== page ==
• Abstract: The Responsibility to Protect (RtoP) played an important role in shaping the world's response to actual and threatened atrocities in Libya. Not least, the adoption of Resolution 1973 by the UN Security Council on May 17, 2011, approving a no-fly zone over Libya and calling for “all necessary measures” to protect civilians, reflected a change in the Council's attitude toward the use of force for human protection purposes; and the role played by the UN's new Joint Office on the Prevention of Genocide and the Responsibility to Protect points toward the potential for this new capacity to identify threats of mass atrocities and to focus the UN's attention on preventing them. Given the reluctance of both the Security Council and the wider UN membership even to discuss RtoP in the years immediately following the 2005 World Summit—the High-level Plenary Meeting of the 60th Session of the General Assembly that gave birth to RtoP—these two facts suggest that significant progress has been made thanks to the astute stewardship of UN Secretary-General Ban Ki-moon, who is personally committed to the principle. Where it was once a term of art employed by a handful of likeminded countries, activists, and scholars, but regarded with suspicion by much of the rest of the world, RtoP has become a commonly accepted frame of reference for preventing and responding to mass atrocities.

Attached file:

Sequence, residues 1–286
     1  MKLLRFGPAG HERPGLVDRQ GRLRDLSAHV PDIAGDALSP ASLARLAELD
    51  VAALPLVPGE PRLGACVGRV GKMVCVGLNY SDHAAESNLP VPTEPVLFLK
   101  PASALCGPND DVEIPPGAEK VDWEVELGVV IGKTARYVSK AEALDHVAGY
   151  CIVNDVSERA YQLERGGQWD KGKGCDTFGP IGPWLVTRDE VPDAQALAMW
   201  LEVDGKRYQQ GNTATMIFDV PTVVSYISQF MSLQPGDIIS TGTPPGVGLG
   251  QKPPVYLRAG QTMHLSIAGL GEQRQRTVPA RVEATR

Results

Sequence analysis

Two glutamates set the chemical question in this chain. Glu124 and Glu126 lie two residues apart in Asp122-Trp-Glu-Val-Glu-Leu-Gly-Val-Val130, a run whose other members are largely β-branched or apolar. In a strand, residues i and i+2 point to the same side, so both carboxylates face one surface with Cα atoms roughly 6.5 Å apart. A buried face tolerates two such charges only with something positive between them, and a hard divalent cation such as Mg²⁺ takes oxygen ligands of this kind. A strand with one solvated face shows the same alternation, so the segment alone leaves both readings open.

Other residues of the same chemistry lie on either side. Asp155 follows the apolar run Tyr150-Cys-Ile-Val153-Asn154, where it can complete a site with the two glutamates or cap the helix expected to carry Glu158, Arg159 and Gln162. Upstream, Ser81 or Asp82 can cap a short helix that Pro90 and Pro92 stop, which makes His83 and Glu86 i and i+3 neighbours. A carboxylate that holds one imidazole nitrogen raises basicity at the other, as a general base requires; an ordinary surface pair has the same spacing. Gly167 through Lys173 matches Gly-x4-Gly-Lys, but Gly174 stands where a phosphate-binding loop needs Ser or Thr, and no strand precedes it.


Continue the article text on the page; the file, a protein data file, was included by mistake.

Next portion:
• Topic: United Nations
  • Political Geography: Libya
  • Author: Shashi Tharoor
  • Publication Date: 12-2011
  • Content Type: Journal Article
  • Journal: Ethics International Affairs Journal
  • Institution: Carnegie Council
  • Abstract: Even though it has been more than a year since I left the service of the United Nations, the one question people have not stopped asking me here in India is when our country, with 1.2 billion people and a booming economy, is going to become a permanent member of the Security Council. The short answer is "not this year, and probably not the next." But there are so many misconceptions about this issue that a longer answer is clearly necessary.
  • Topic: Security, United Nations
  • Political Geography: Russia, United States, China
  • Author: Timothy D. Sisk
  • Publication Date: 12-2011
  • Content Type: Journal Article
  • Journal: Ethics International Affairs Journal
  • Institution: Carnegie Council
  • Abstract: When two of the leading scholars on the United Nations team up to write a definitive overview of the premier international organization managing the great global issues of our day, both scholars and students should take notice. This book, which stems from the work of the United Nations Intellectual History Project, delivers on its primary goal of identifying "gaps" in world order and the ways that the UN has evolved to manage those gaps, albeit in a somewhat ad hoc fashion; and it offers perhaps the most integrated and big-picture perspective of the United Nations in contemporary international relations literature.
  • Topic: Terrorism, United Nations
  • Author: Scott N. Carlson
  • Publication Date: 09-2010
  • Content Type: Journal Article
  • Journal: Ethics International Affairs Journal